​​​​​​A Family's Farmland Purchase Success Story

Jim's Family and Farm Image

While much of the land access arrangements we see in the region is through leasing, purchasing land is ideal for long-term security. Can that be done on a tight budget? Our own Jim Kurczodyna (pictured above with his family and their cows) has experience doing just that. Below, he shares his family’s land purchase story.

This past summer we purchased a small farm in McHenry County where we plan to homestead and grow a business. We started by agreeing on basic criteria: an affordable property, basic home, at least five acres zoned Ag that could accommodate our cows, and a location within an hour’s drive of both of our families. These parameters helped us focus in on McHenry County, where we found affordability and strong support for agricultural initiatives.   

The bad news was that competition for properties within our sub-$300K price range was tremendous! We pulled up our 2004 minivan to one property, for example, and found ourselves next to the Tesla of a slick looking real estate investor from Chicago.  

In all, we put offers on three different properties. One was a 20-acre place at the very top of our price range. A second was a “too good to be true” property that we had to back away from following a horrifying home inspection.

The property we purchased was a HUD foreclosure that was well within our price range. It had immense potential, but the home would clearly require a LOT of work. This played into a useful strength of ours – a commitment to spending little money! We were determined to do the renovation work ourselves and learn necessary skills along the way. So far we’ve put hundreds of hours of work into the home and setting up the farm.

While our search wasn’t perfect and we had our fair share of bumps and bruises along the way, we love the property, home, and the value we came away with. 

Here are some strategies and lessons from our search which we hope might be useful to you: 

Make sure your family is on the same page:  Purchasing farmland is a big and expensive decision. We all have unique preferences and values and can tend to narrow our focus around those. While Joelle paid attention to things like space for our kids to run and play outside, I was focusing on where we’d establish the orchard and pasture the pigs and poultry. Keep making desires known. Ask the hard questions. Challenge each other in a kind and considerate way. This will make for a decision you’re behind 100% and protect your relationships.

Information is valuable:  The nine-hour round trip from west central Wisconsin to McHenry County with a young family made property viewing a major challenge.  But the more properties and locations we saw, the more clearly we understood what we were seeking and what the market was for an area we originally didn't know well. We also chose to work with a realtor who enabled us to act quickly when necessary, which, given our timeline and cross-state search, was a good decision.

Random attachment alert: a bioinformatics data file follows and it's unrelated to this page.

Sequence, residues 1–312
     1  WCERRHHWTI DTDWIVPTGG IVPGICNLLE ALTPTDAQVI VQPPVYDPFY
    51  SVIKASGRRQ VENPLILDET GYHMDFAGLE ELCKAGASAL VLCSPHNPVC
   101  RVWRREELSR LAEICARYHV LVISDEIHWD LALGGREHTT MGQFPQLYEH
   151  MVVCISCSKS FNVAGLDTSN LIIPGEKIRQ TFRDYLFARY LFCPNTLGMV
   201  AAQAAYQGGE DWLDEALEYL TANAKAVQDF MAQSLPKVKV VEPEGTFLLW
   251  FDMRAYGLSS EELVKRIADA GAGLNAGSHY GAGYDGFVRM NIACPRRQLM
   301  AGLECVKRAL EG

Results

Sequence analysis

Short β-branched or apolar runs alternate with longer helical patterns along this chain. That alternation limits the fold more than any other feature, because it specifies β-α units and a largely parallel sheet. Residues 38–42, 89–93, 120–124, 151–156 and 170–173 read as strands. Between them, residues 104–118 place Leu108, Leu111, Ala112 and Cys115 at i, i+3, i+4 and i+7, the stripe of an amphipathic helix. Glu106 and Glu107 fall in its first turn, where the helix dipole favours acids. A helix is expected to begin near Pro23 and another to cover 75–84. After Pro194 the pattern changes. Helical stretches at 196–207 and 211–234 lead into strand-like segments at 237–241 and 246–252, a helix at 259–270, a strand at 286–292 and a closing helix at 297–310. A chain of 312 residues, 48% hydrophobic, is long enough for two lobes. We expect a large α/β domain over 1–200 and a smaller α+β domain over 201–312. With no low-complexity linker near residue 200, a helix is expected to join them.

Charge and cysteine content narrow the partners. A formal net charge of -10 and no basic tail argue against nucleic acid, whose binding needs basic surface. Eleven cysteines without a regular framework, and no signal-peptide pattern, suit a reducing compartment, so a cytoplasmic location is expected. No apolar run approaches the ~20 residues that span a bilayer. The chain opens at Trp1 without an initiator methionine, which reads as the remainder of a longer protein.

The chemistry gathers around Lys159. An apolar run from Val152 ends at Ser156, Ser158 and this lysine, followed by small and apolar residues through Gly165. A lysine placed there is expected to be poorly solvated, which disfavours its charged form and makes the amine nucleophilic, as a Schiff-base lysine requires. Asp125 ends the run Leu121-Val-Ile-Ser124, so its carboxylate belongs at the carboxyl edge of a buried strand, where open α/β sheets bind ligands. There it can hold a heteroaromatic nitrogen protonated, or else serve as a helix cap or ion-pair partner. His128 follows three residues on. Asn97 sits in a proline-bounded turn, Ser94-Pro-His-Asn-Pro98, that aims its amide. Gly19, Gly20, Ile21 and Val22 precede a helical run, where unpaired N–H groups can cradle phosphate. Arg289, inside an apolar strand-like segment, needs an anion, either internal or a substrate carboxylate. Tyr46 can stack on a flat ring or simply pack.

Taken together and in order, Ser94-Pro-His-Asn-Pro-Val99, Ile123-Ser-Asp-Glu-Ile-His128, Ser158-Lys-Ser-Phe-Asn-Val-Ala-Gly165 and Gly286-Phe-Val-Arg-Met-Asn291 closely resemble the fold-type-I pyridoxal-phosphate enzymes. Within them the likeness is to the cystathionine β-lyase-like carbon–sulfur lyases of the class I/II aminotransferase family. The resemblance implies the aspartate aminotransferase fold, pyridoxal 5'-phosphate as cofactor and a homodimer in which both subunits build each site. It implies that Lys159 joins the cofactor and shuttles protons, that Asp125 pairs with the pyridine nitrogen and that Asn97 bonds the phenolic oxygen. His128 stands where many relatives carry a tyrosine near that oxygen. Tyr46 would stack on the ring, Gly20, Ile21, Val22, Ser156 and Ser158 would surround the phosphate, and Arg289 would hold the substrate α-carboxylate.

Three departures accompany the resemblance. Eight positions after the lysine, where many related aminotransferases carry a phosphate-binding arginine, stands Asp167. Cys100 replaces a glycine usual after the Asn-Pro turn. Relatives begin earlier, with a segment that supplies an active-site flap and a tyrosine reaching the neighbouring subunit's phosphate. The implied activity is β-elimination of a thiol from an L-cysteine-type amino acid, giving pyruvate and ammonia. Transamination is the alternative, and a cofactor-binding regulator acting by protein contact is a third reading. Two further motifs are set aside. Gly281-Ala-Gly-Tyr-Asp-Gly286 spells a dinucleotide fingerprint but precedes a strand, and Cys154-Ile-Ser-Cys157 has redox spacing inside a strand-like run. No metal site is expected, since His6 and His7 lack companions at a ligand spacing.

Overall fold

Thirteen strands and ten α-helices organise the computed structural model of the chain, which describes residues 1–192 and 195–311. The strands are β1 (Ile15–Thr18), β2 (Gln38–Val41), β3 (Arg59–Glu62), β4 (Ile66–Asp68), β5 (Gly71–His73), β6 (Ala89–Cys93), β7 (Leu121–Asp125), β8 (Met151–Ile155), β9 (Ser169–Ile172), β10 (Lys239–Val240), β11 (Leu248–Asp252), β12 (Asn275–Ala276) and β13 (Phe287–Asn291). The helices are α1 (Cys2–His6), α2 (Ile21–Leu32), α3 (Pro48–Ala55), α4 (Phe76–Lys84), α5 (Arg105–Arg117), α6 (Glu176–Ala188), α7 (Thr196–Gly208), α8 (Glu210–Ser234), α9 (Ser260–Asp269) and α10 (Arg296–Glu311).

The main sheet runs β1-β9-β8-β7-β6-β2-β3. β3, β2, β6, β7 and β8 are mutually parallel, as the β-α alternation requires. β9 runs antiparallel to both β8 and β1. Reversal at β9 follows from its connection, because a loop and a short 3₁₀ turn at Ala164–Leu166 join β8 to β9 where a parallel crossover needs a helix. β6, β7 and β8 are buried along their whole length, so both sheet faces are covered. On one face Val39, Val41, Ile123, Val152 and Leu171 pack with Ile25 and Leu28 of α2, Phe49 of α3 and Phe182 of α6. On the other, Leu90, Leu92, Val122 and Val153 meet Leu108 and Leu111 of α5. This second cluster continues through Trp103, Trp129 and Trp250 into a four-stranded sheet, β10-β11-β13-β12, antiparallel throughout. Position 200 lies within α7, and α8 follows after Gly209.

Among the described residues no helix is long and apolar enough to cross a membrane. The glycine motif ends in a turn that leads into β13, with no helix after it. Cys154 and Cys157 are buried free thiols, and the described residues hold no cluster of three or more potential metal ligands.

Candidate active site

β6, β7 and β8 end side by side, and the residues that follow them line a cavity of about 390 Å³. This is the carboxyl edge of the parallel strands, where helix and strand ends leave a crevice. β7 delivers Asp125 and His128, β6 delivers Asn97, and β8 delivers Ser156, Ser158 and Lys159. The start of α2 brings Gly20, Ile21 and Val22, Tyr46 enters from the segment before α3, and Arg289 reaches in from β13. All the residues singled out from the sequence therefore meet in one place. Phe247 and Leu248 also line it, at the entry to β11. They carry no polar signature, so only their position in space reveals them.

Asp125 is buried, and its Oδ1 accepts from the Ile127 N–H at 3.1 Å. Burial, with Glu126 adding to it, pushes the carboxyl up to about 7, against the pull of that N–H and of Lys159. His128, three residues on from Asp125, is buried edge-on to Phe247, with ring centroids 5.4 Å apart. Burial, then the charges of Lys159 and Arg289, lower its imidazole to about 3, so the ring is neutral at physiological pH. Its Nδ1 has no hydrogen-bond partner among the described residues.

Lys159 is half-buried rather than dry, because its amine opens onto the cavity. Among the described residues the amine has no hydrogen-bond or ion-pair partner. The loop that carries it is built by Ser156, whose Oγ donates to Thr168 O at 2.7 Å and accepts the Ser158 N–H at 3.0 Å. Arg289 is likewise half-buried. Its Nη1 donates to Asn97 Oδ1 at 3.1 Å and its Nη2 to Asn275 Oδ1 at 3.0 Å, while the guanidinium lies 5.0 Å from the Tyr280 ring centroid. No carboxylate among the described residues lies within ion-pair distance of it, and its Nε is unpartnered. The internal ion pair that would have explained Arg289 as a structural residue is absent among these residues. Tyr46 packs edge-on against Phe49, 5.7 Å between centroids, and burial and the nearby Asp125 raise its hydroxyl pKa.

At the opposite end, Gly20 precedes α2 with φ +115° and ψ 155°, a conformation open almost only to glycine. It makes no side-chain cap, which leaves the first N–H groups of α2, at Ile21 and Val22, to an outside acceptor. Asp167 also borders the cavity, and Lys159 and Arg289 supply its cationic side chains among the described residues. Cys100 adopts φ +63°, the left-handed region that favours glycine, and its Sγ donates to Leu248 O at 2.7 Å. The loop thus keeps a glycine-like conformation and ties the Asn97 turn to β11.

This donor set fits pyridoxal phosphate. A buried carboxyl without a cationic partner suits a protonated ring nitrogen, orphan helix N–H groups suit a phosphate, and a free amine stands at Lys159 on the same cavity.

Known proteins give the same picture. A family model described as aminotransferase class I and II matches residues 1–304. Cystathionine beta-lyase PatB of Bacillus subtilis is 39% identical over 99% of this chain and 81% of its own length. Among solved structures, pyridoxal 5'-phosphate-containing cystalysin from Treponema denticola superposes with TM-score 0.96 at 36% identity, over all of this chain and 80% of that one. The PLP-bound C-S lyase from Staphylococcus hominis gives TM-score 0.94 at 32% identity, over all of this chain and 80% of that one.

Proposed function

Understand your financial picture and save with your future goal in mind:  We literally track every dollar and do not spend above a designated amount each month.  Having a firm grasp of your monthly spending will allow you to adjust your budget numbers uniquely for each property and forecast if you can make it work or not. Also, a few years before leaving my previous career, we challenged ourselves to live off the reduced income we’d expect to have while growing a business. The cash reserve we built up (our “dream fund”) made us feel less intimidated by the career leap into farming. It also gives us more room to breathe while we build up our products and a customer base.

Being resourceful creates value opportunities:  We were able to save thousands of dollars doing most of the renovation work ourselves and by buying secondhand home and farm items, like kitchen cabinets, portable fencing, and appliances. This strategy has required time and patience. But we have gained invaluable skills and designed a space that uniquely meets the needs of our family.  

Utilize the people and resources at your disposal:  One 30-minute phone conversation with the you-pick blueberry farmer across the street taught me more than any Internet search could have surfaced on the first property we put an offer on. This ultimately helped guide our offer price, and we felt reassured not increasing our offer drastically when it became a multiple offer situation. Online maps and searches are helpful, but also walk properties, meet neighbors, and call helpful organizations (like soil and water conservation districts) to complete your assessment of a property.

Be prepared to make a move or to walk away:  I believe in a slow and organic search process, but I also believe in moving swiftly when you know what you are after and the right opportunity comes up. Line up your financing and preapprovals early. Know your criteria and where you won’t compromise. This will position you to move when the time comes or pull out.  It was gut-wrenching to lose money by walking away from an opportunity after a home inspection. But when the information in front of you and that feeling in your gut leave you unsettled, pulling out may be your most cost-effective option long-term. 

If I could leave you with one final thought, it’s this - there is no perfect farmland opportunity out there. Each property offers idiosyncrasies that become the new “normal.”

In our case, who could have guessed the nice county building across the street also had a firing range in the back for county police officers? And so, we live with the occasional “pop, pop, pop” while our kids ride their bike and dig in the dirt! 

Knowing we found the location and property we were after, however, allows us to feel really good about the land we're sinking our roots into.

Jim and his family's story can be followed at www.fromscratchfarmstead.com.